Studies in John’s Gospel—Bible study lesson 17
by Reta Halteman Finger
As I write this, it is New Year’s Eve, 2013. Americans around the country are stocking up on snacks and drinks for a rousing party to welcome in a new year as yet unsullied by human foibles. Ironically, despite many resolutions to live a more disciplined life, people commonly use New Year’s Eve for one final fling of holiday overeating and drinking. How appropriate—and ironic—that this lesson should center around food and drink!
Before the previous Christmas lesson, we already had Lessons 14 and 15 from John 6. We ate with the crowd of 5000 that Jesus fed on the mountain (6:1-15); we sailed with them back to Capernaum as they hunted for this generous miracle-worker they wished to hail as their king (6:16-29). But instead of accepting royal honors, Jesus challenges them to a debate. In true Johannine fashion, yesterday’s simple supper of bread and fish now becomes a means to probe for the hidden, spiritual hunger of the human heart.
But the crowd seems to have forgotten the meal Jesus had fed them. “What sign are you going to give us so that we may believe in you?” They then suggest he’s not up to par with Moses, who provided manna—“bread from heaven”—for the people in the desert (6:30-31; see Ex 16:1-21; Num 11:7-9). What we see here is the typical public honor challenge characteristic of ancient Mediterranean people (and American political campaigns). Two men, or groups of men, challenge each other publicly for dominance. The one who can top the other with a clever verbal retort gains public honor, while the loser is shamed.
Verbal sparring with mixed messages
But in this narrative Jesus is always in control; he never loses. “Moses did not give you this bread; it came from my Father who gives the true bread from heaven, the kind that gives life to the world” (John 6:32-33). Just like the Samaritan woman who said, “Give me this water” (John 4:15), the crowd responds, “Give us this bread always” (6:34). As with Nicodemus and this woman, Jesus speaks on two levels, the Below and the Above. Just as he was the Water of Life in chapter 4, here in chapter 6, he is the Bread of Life. Those who believe in him will never again be hungry or thirsty.
Jesus continues, pursuing the image of bread coming down from heaven. Just as manna came from heaven, so he has come from above to bring life to the world. This discourse on the bread of life is one of the clearest examples of the “descent of the Word/Sophia,” discussed in Lessons 1 and 2. It is a reminder of incarnation, the Word who descends to human level and lives among us (1:14). It echoes the “turkey theology” of the previous lesson, where a human becomes a wild turkey mother to provide life to chicks which otherwise would die.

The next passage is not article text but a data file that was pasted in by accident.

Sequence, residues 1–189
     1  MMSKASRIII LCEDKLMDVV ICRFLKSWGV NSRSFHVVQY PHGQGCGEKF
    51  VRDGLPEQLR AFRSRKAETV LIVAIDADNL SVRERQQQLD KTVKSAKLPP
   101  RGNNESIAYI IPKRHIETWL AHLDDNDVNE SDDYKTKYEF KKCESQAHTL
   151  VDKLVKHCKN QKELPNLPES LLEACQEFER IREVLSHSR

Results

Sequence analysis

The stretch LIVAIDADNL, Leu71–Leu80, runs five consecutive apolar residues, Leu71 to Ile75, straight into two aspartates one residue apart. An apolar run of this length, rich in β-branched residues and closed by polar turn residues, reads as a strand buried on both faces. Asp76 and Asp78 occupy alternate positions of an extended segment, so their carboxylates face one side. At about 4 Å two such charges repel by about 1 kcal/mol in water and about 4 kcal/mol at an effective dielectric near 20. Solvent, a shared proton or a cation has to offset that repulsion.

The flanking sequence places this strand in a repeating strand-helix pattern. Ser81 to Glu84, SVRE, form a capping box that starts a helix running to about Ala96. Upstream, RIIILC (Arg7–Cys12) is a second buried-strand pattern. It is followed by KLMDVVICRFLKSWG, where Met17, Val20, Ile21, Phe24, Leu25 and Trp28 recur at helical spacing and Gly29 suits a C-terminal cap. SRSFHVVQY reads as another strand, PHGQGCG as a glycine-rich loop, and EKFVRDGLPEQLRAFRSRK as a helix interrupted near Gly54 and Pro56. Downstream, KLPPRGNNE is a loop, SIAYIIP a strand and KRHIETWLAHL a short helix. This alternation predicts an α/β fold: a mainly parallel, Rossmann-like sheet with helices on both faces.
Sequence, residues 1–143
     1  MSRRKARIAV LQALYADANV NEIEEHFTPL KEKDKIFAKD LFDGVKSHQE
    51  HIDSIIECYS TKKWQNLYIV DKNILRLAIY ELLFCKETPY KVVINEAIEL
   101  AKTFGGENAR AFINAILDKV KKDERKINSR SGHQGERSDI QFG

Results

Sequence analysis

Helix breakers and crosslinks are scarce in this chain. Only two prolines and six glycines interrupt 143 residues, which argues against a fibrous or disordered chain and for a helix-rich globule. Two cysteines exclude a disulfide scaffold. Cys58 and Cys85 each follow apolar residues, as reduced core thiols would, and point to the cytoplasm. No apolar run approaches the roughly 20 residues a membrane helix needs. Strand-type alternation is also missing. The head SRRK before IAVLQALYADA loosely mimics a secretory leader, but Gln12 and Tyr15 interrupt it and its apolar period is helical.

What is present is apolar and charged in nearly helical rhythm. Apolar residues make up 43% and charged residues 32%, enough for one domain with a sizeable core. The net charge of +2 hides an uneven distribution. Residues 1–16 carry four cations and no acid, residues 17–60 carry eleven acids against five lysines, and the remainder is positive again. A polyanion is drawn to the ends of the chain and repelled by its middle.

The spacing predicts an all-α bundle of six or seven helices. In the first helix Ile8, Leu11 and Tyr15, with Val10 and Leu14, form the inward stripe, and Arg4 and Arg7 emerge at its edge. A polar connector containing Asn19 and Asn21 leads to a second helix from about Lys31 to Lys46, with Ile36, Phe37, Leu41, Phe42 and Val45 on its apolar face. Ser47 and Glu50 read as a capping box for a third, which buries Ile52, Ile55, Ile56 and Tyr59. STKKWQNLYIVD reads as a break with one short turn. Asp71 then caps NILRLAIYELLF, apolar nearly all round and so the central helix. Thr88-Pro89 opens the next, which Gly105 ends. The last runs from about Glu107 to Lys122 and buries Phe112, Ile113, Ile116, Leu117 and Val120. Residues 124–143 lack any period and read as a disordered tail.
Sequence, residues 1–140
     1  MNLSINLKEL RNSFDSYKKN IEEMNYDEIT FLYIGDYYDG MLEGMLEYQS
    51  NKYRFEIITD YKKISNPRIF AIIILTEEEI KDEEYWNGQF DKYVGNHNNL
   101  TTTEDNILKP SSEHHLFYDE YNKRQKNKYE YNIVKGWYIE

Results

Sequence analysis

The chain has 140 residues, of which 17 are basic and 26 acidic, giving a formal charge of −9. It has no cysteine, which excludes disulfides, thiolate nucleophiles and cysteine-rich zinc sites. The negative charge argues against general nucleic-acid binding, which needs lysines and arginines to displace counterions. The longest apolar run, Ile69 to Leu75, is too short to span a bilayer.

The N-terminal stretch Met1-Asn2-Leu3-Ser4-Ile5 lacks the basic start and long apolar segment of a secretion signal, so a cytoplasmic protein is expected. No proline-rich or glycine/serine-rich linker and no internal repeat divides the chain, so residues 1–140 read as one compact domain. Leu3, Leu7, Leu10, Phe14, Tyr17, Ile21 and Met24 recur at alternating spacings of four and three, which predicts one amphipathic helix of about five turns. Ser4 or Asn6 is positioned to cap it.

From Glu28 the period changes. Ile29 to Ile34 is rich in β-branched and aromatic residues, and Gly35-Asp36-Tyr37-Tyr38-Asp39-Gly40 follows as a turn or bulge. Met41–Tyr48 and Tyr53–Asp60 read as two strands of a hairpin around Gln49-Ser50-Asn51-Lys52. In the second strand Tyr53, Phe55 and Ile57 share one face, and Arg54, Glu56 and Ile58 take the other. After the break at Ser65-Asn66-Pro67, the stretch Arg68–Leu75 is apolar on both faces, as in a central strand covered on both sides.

Alas, this crowd of local Jews doesn’t get it. They begin to complain, reacting on an earthly level as Nicodemus had in chapter 3. “You didn’t come down from above! We know where you grew up. You’re the son of Joseph and Mary. You’re speaking nonsense!” (41-42).
Jesus continues to call himself the Bread of Life, further taunting the crowd with a statement so outrageous on a literal level that no Jew could accept it: “The bread I’m talking about is my flesh, my body” (51). Falling into the literal trap, the Jews ask, “How can this man give us his flesh to eat?”(52). “Truly I tell you,” says Jesus, “unless you eat the flesh of the Human One and drink his blood, you have no life in you!” (53). Conversely, if you do eat and drink, you will have eternal life (53-58).
Is this Gospel anti-sacramental?
It is hard to imagine an actual conversation and discourse like this one. Even on a spiritual level, drinking Jesus’ blood would have made no sense until after his bloody death. Remember from Lesson One that our author is less interested in what actually happened, and more concerned with the meaning of what happened. Not only does s/he write in an ironic mode throughout, quite different from the Synoptic Gospels, but s/he conveys theological truth through different stories. Just as the author moves Jesus’ desert temptation (i.e., Mt 4:8-10) to the feeding story (Lesson 15), so also s/he omits the Last Supper, the Passover meal where Jesus takes bread and wine and tells the disciples to eat and drink it as his body and blood (Mt 26:26-29; Mk 14:22-25; Lk 22:15-20).
Instead, John re-interprets the Synoptic account of the “feeding of the 5000.” Here it becomes a sign pointing to Jesus himself as the Bread of Life. The true believer “eats” Jesus’ flesh and “drinks” his blood. As the mystic, Julian of Norwich, put it, Mother Jesus feeds her children from her own body.
Questions for reflection:
1. Since John’s Gospel has no Last Supper, do you think the author intends to bypass the need for any meal ritual?
2. How do you relate to the “Above” and “Below” personally and in your faith community (if you are part of one)? What meaning does the Lord’s Supper/eucharist/communion have for you? Does participation make you “religious” or right with God? Or is it a sign pointing to something beyond? If so, what is that “something”?